Task force gets proceeds from raid

November 20, 2002|by MARLO BARNHART

WASHINGTON COUNTY - Crime doesn't pay but don't tell that to the Washington County Narcotics Task Force.

The agency on Tuesday accepted a $59,827.49 check as its share of the proceeds from a March 2000 drug raid in Hagerstown in which 5 pounds of cocaine and $85,610 in cash were seized.

"The money was forwarded to the Drug Enforcement Administration, which kept 20 percent and returned the rest to us," said Mark Holtzman, current director of the task force, which is composed of city, county, state and federal drug agents.

Holtzman said the task force averages about $100,000 in such rebates a year but the most recent check was the biggest single amount he could recall.


"We lock up about 200 people a year," he said.

On March 23, 2000, agents executed a search warrant at 112 East Ave. as a result of a number of controlled buys of drugs from that residence.

"I believe there was a total of 10 search warrants served that day in the case - eight in Baltimore and two here," said Hagerstown Police Chief Art Smith, who was on hand for the check presentation. A number of people were rounded up and charged federally, he said.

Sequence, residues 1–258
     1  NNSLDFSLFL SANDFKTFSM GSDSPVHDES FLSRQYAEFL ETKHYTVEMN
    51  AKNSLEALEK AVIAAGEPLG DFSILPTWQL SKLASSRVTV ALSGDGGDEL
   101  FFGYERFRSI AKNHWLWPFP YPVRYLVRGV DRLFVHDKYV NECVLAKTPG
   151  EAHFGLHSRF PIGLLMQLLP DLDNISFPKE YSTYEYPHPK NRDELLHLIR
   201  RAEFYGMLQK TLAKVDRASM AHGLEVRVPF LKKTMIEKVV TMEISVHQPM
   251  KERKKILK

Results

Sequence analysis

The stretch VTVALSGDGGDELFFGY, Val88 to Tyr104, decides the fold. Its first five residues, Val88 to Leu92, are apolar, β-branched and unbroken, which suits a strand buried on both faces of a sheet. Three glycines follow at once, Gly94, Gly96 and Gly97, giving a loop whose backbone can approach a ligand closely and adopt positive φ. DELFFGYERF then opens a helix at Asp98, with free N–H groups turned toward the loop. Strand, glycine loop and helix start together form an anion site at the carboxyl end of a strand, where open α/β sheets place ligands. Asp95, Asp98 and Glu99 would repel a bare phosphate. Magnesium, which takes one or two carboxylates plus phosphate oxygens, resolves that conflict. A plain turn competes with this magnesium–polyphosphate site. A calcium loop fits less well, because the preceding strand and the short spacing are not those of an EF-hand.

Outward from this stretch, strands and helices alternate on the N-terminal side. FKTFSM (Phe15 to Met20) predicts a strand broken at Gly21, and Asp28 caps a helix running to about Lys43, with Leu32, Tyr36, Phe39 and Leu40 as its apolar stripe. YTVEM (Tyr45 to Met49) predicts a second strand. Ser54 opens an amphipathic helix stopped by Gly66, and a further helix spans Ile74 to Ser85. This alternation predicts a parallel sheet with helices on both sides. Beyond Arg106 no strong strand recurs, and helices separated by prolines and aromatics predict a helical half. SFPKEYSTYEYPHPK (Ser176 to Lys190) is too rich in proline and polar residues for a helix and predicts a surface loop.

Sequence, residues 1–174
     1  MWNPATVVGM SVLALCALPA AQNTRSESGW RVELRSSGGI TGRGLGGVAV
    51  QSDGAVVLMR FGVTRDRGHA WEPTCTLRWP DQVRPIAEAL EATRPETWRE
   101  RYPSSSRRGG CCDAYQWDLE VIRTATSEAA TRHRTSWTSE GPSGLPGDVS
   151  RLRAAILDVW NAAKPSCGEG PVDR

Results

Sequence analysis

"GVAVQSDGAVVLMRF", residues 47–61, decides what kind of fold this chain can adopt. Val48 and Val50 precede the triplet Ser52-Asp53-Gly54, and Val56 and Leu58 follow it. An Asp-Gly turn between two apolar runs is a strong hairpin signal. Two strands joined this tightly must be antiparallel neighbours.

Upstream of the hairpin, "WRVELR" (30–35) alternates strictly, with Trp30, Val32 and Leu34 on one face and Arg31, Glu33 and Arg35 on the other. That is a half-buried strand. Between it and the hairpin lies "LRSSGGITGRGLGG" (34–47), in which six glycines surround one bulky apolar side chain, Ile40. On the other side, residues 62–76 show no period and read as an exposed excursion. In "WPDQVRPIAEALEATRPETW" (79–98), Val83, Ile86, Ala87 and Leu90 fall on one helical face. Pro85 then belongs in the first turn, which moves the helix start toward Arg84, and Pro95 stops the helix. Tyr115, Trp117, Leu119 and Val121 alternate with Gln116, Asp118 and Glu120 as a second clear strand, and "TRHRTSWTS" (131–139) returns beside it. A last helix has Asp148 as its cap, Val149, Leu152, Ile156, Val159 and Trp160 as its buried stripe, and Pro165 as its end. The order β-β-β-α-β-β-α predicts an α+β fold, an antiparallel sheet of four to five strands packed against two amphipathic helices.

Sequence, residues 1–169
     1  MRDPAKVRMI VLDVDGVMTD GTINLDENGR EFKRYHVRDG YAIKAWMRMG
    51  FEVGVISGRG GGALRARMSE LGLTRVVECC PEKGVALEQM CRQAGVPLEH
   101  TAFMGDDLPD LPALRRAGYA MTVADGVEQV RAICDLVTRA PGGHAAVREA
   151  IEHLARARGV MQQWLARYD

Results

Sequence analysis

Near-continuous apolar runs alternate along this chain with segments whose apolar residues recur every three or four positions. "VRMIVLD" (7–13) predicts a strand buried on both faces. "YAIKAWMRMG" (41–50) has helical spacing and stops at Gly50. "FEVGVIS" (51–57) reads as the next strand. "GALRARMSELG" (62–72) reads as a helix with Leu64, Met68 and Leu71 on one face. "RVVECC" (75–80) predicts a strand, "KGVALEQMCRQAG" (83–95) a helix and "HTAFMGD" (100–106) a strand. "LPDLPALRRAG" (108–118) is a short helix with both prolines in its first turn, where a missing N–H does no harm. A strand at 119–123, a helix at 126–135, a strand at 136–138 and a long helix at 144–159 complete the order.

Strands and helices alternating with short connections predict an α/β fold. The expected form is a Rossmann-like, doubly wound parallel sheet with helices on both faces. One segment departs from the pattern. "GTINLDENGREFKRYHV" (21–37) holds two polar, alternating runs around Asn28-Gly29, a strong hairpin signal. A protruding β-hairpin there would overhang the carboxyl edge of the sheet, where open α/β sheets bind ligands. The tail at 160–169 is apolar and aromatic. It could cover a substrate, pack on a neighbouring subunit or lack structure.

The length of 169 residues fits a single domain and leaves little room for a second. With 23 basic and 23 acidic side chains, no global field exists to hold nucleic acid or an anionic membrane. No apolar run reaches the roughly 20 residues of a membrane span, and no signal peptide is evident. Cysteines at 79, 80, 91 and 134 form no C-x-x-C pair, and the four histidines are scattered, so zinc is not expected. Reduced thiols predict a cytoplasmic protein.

One key figure recently received a life sentence without parole in U.S. District Court in Baltimore, Smith said Tuesday.

He said that when information reaches the local task force that a major drug operation is in the area, the DEA can be asked to send a special metropolitan enforcement team in to work with the local agents.

"In addition to drugs, there must be evidence of violence and guns," Smith said.

Peter Mitesser, resident DEA agent in Hagerstown, was involved in the case along with then-task force director Rick Johnson, who is now a lieutenant in the Hagerstown Police Department.

All agreed that the cooperative effort leading to receipt of the money was fruitful and all branches of law enforcement worked well toward a common goal.

"These funds are released back to us for use only for law enforcement purposes," Holtzman said.

Salaries and cars cannot be financed with the funds.

The task force has earmarked the money for SWAT body armor, surveillance devices, tasers and other nonlethal deterrents, Holtzman said. Training is also a possibility.

"We are also going to upgrade what we already have and do whatever it takes to stay safe in our work," he said.

Holtzman said the task force is always pleased when it doesn't have to go to local taxpayers for additional money for its needs.

Hagerstown City Councilwoman Carol Moller said she thought this money was a great benefit.

"It's nice to know this money is coming back to local police," she said.

Moller and Hagerstown Mayor William Breichner attended the presentation at the DEA/NTF office on Showalter Road.

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